Are you lying?

I don’t know about other cultures, but we Iranians thrive on little lies. As a child, you grow up with exaggerated expressions of love such as, “May I be sacrificed for you,” or “You are my liver!” Not to mention the grizzliest accounts of hatred: “If I catch him, I’ll cut him into little meat cubes!” Though this sounds horrific to the non-Iranian, to the rest of us it’s just words and you know that when your dad is “going to kill you,” it just means he’s mildly annoyed at something you did.

Back when physical punishment was ruled out, grownups came up with scary lies. We all knew about “Lu-lu”, but each family also came up with their own fictitious character. Ours was the “Big Head – kalleh gondeh”. I had seen him once in the darkness outside the window, searching for bad kids and it was years before I learned that it had been our nanny with a huge pot on her head. To this day I make sure the shades are drawn at night, just in case.

Then you’re old enough to stay up and listen to family stories: the long tale of Uncle this defeating the lion on a hunting trip and Aunt that having a face that crowds lined up to get a glimpse of. You look at the frail figure of your uncle and the wrinkles on your aunt’s face and listen to the rest not so much for its glorification of the family, but just because it’s a good story.

To tell a caller that Mom’s out shopping, while she sat there and watched, was simple obedience. To sneak out on a date but tell your parents you’re going to study was your only chance at it, and a pretend fasting was your way of showing respect for your parent’s religion. You never had to tell your teacher that your absence of last week was due to grandma’s family luncheon because Uncle Doctor would provide a note to explain how sick you’d been.

What the rest of the world may consider lies, to us is a means of preventing harm. The teacher would much prefer for your homework to burn in a fire than realize you never did it, it was much kinder to your father’s heart if he thought you lost your report card, and why should a good girl ruin the family reputation by broadcasting that she had a boyfriend?

So far, we may not seem any different from the rest of the world. After all, our lies are justified by good motives, which isn’t all that different from what the West calls “white lies.” But what about the lies that aren’t justified, and which shade is no longer considered “white?”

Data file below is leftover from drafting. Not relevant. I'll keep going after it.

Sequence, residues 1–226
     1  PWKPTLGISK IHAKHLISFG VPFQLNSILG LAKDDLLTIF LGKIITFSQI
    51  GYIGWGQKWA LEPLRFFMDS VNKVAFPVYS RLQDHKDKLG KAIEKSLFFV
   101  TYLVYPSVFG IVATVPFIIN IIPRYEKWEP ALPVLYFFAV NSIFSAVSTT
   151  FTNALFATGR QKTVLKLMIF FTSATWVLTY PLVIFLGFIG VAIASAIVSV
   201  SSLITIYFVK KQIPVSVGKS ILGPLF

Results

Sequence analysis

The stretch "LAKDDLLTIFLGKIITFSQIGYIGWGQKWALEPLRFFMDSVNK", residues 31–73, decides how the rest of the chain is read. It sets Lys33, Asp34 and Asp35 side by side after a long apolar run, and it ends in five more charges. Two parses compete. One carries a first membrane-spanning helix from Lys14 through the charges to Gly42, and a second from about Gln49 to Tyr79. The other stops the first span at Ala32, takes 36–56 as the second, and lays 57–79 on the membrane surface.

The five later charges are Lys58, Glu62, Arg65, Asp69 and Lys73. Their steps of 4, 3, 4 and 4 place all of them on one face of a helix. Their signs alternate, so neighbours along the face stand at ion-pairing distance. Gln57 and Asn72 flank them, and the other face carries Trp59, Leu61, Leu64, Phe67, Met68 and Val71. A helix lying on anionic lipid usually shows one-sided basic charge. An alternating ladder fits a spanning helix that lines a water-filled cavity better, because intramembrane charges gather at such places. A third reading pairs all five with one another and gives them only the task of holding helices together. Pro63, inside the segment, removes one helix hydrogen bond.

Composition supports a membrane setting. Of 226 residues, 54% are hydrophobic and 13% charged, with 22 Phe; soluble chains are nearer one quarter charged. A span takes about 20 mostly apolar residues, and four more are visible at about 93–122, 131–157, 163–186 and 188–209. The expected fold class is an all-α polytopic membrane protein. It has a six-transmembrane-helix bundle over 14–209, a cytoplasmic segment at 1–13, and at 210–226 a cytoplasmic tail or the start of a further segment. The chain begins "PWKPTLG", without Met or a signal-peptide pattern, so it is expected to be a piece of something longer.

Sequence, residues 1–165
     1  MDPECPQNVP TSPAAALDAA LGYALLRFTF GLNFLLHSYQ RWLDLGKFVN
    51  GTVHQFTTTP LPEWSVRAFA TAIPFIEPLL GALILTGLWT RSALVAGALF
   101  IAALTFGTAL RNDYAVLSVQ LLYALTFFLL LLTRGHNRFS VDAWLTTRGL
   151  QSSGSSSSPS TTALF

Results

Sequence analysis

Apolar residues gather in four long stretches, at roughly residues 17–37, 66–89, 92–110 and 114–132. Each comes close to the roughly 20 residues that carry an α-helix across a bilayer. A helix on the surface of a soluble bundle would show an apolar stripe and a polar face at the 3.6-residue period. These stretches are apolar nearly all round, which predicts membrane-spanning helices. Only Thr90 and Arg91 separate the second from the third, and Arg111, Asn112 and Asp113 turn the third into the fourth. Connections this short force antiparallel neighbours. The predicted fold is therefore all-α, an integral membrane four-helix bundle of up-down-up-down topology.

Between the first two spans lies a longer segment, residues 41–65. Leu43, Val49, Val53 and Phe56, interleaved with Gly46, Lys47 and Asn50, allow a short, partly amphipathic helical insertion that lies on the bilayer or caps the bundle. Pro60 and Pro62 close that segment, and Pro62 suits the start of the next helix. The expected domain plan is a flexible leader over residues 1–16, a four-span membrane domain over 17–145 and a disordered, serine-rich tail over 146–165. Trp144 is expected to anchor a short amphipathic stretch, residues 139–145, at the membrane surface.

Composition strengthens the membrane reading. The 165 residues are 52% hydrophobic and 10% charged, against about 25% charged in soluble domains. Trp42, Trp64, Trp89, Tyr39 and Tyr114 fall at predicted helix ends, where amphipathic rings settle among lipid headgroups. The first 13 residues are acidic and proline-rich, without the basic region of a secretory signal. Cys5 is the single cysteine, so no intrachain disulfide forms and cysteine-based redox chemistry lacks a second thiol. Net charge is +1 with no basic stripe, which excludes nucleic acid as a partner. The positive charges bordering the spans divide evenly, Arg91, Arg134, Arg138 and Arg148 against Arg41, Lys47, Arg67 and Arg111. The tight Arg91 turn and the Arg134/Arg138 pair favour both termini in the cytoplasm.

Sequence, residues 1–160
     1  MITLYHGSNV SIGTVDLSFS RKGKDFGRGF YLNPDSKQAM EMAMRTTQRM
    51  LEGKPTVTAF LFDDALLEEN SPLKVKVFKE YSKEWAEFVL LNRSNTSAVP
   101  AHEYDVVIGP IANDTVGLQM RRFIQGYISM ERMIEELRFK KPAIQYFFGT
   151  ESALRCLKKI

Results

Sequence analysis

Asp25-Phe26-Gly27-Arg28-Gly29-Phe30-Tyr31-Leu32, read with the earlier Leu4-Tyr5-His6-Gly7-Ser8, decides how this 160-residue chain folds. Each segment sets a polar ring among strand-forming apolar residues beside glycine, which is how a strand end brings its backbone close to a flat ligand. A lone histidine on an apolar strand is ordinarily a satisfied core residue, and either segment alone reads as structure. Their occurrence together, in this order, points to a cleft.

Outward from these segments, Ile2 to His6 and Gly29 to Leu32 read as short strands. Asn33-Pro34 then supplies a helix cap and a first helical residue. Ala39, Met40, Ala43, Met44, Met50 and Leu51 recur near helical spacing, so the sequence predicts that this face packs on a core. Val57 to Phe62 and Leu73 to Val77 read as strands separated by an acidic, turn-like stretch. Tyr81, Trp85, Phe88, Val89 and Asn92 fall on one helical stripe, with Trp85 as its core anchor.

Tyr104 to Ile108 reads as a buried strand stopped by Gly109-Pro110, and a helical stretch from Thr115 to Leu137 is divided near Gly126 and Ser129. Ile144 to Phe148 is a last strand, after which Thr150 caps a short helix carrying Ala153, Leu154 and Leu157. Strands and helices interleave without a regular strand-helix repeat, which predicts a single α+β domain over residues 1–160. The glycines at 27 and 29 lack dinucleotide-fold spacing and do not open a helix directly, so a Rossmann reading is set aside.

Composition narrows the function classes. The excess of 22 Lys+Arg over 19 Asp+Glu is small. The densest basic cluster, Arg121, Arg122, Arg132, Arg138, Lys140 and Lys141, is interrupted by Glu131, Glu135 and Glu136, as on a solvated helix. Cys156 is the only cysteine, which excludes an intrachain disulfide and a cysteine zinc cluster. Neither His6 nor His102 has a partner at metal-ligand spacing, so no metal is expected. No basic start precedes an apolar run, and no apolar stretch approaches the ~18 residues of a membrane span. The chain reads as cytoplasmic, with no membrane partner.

The youngest in the family, I was amazed at how quickly I’d be caught lying. While my brothers and sisters could get away with murder, I failed at the simplest schemes. No sooner had I begun my story than someone would demand, “What did really happen?”
How could they know?
Years later my sister told me it was because I swore even before anyone had expressed doubt. “I didn’t take the cookies, I swear to God!” or, “As God is my witness, I didn’t break that!” This may explain some of my suspicions of anyone who swears by the holy saints or takes their father’s soul witness.

The beauty of a good lie is in creativity, use of imagination, as well as narrative skills. The more people lie, the more detailed their scenarios are. I remember the story of one of my brother’s classmates, who skipped school and was caught playing in the arid riverbed behind their school.
“What are you doing here?” the principal asked him.
The scared boy responded. “Fishing, sir. I’m fishing!”
The principal looked around. “Fishing in dry land?”
“Smoked fish, sir, smoked!”

But that’s a kid. What about grownups? My uncle’s stories were the best because he never told the same version twice. If it involved money, the amount went up in time, if it had something to do with politics, the era changed from World War to Reza Shah to Mossaddegh, and if my aunt was present, his adventures never involved any ladies.

Living in the Midwest before the revolution, we’d hear less of such accounts, but then came the revolution and the surge of immigrants also brought their unbelievable stories. Aware of the Pahlavi’s rather short family lineage, I was amazed at the number of Iranians who claimed to be relatives of the shah, and while many people did lose everything, the number of mansions – if not palaces – that people had left behind made Tehran bigger and more glamorous than Paris. I have to yet meet an Iranian who will tell me they had much less in Iran, that they are doing well here, and that the land of opportunities has indeed offered them a chance to build a better life.

Years ago, I promised myself I’d set a good example for my kids by being honest, but then came a day when I asked my daughter to answer the phone.
“Whoever it is, just say I’m in the shower.”
“I won’t lie for you, Mom.”
“Are you calling me a liar?”
She blushed. “Are you really in the shower?”
Unable to respond, I was reminded of a relative who actually lives in the shower. I’ve called her morning, noon, and night and that’s where she always is!

We are a nation of top students, we were all “hot” in our days, our physical features are all natural – and oh, that surgery was to fix a broken nose. We are all younger than our birth certificates indicate, weigh a lot less than the scale shows. We all meet people who think we were classmates but are in fact were the same year as an older sibling. I grew up an Iranian and to me a lie isn’t a lie unless you’re really lying.

Zohreh Ghahremani is the author of Sky of Red Poppies, available now on Amazon & most bookstores.

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